THE BLOG

Sometimes You Need to Be #naughtytobenoticed

11/04/2013 18:01 BST | Updated 11/06/2013 10:12 BST

The UK's media landscape is a genuinely exciting place to work in. I fell in love with the industry and the buzz that is constantly surrounding it at the age of 14 when I was doing working experience at a production company in Manchester. I knew there and then that it was the only industry for me.

And I guess I wasn't alone. All of this hype and the dynamic nature of the media industry means that it attracts thousands of creative minds each year. In fact, the UK's creative industries are a real success story; they employ around 1.5million people and according to the official stats, generate £70,000 every minute for the UK economy. However this level of success also makes the creative industries a highly competitive place to work in and getting noticed is not that easy.

So, how do you stand out in such an overcrowded market and get in front of the right people? The answer lies in the very basis of the industry you are hoping to conquer, in creativity. My 'alternative' creative CV has been viewed over 16,000 times and amongst the viewers was no other than businesswoman and famous retail branding expert Mary Portas. How did I achieve this? Through my #naughtytobenoticed campaign.

To fulfil my dream and work in the media industry I realised I needed more than just a CV. Companies get stacks of them day in day out and there's only so much you can do to make your CV stand out. I knew I needed to do more. Sending a CV on a piece of coloured paper or attached to a bottle of wine can make the HR team smile, but I wasn't sure it would get me noticed by the creative managers who I was hoping to get in front of. I needed a different approach, something that would show off my creativity and eagerness to work, something that could target the industry experts rather than recruitment agencies.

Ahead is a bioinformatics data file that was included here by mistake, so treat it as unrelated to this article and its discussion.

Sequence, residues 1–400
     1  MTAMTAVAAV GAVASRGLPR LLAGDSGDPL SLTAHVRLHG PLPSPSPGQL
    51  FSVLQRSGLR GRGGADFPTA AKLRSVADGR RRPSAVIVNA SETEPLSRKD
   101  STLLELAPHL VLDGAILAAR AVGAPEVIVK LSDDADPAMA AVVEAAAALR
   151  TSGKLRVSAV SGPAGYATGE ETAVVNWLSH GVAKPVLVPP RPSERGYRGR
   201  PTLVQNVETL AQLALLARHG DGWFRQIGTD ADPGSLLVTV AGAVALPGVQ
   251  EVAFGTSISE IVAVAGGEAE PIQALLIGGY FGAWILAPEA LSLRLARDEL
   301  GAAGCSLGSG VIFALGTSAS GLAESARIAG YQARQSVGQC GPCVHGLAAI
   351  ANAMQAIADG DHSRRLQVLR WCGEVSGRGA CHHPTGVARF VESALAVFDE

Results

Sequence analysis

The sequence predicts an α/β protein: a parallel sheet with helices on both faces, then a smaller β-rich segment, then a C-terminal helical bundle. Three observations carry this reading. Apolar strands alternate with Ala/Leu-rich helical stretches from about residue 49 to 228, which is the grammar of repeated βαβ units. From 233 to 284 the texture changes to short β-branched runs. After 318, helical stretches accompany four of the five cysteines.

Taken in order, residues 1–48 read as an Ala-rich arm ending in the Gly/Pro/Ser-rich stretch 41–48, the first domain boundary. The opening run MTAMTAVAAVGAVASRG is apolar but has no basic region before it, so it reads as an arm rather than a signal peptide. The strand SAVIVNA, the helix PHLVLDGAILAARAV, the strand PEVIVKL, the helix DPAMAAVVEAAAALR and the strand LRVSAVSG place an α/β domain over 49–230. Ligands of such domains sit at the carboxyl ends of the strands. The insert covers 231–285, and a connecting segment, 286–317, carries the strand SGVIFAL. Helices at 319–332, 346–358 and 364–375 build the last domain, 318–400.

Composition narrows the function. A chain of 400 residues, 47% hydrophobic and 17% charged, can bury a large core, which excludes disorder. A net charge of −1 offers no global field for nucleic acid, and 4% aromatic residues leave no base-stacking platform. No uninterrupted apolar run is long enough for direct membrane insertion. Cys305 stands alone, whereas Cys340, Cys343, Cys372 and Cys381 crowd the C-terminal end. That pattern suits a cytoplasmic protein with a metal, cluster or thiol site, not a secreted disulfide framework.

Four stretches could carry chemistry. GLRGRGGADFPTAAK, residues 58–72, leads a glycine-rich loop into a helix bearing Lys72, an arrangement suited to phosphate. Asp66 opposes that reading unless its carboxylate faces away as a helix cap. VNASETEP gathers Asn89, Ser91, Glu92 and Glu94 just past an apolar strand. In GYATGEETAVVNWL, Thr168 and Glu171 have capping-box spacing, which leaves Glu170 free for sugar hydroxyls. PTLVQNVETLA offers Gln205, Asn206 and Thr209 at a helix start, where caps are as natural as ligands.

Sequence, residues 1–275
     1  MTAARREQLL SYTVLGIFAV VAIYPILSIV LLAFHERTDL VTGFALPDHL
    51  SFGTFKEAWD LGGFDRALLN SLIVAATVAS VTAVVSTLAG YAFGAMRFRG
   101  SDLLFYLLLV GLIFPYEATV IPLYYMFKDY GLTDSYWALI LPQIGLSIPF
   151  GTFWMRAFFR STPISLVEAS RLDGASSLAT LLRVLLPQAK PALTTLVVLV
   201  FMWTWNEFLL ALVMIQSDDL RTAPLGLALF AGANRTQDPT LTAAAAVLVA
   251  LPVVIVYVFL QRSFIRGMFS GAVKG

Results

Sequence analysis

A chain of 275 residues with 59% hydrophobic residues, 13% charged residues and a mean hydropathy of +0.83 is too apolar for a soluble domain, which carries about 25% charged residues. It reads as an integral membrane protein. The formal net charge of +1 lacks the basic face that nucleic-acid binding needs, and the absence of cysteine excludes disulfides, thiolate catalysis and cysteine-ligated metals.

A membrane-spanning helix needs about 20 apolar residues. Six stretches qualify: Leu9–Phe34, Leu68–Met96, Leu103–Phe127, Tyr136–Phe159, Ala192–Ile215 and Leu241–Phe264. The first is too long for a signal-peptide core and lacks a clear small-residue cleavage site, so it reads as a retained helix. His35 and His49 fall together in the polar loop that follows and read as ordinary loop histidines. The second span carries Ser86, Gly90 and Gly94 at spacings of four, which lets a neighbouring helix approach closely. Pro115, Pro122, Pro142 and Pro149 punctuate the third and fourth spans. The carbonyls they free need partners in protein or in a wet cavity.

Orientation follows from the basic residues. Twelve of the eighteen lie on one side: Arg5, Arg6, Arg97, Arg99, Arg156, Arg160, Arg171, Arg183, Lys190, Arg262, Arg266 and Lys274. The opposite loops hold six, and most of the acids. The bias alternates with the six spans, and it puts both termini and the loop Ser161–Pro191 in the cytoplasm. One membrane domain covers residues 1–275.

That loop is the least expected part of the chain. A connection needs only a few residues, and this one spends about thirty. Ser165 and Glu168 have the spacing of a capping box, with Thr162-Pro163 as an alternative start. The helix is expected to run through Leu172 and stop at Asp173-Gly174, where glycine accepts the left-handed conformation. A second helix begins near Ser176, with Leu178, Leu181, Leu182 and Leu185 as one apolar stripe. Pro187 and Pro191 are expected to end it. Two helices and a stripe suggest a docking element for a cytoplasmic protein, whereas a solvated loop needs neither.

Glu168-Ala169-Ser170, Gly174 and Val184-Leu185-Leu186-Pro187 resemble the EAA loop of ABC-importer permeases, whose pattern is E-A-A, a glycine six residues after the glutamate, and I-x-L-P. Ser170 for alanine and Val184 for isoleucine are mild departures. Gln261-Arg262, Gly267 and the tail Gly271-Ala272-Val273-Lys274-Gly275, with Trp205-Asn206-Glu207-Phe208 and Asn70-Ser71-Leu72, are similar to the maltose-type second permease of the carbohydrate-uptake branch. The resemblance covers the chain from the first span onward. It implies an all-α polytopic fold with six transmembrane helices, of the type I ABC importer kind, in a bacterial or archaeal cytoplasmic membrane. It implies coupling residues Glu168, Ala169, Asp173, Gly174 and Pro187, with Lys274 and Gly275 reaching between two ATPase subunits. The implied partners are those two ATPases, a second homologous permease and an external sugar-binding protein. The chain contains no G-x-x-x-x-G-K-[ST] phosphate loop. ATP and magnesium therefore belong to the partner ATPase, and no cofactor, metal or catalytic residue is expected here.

This is how the #naughtytobenoticed campaign came to be. It started with seven 'naughty' postcards that look sexually suggestive at a first glance, but when you read the small print, you realise that in fact it was you the reader that had the 'naughty thoughts'. I was simply showing my passion for a creative role. The cards definitely helped me to stand out from the crowd but also showed off my creativity and a little bit about me, my sense of humour and hopefully a bit of courage too. Once the idea was born, I realised I needed a destination to direct people to. I therefore created a profile on Creativepool.com, an online platform for UK creatives, to showcase the postcards. Their slogan is 'it's all about work' so it seemed well fitted. By posting the images online I instantly made them accessible to thousands of users of the platform.

To direct people to my profile I wanted to generate an online buzz so I synchronised it with other social networks. It's given that any company in the media industry has a Twitter account and social interaction is embedded in the way they operate - it would be crazy not to utilise it. It also goes back to knowing your target audience and how to reach them. I put a lot of focus into trying to reach influential people as you often need to get in front of one key opinion leader to get the ball rolling. But this doesn't come without tenacity and conscious effort; I've tweeted my job 'plea' to some of the biggest names in UK businesses and the creative sector.

It's hard work requiring a lot of patience but it's definitely worth it. Within minutes of Mary Portas retweeting my campaign, my Creativepool.com profile was viewed over 3,000 times. Within hours, I was contacted by an agency with a possible job opportunity, and within two days, my Creativepool.com profile had been viewed over 12,000 times increasing my chances even further.

I'd be lying if I said I didn't think my #naughtytobenoticed campaign was a bit risky. You can't predict how people will react to the 'naughty' captions and whether or not they will think I've crossed the line. In the end though, I was willing to take one risk to get noticed and hopefully got a few laughs along the way. It's still early days and there are a lot more companies I want to reach, but the feedback so far has been great - people love the cheekiness and it's getting me noticed in a crowded market space. The next obvious step is to engage in conversations and hopefully seal a deal to get a permanent job. I'm still searching and welcome any opportunities that may come my way.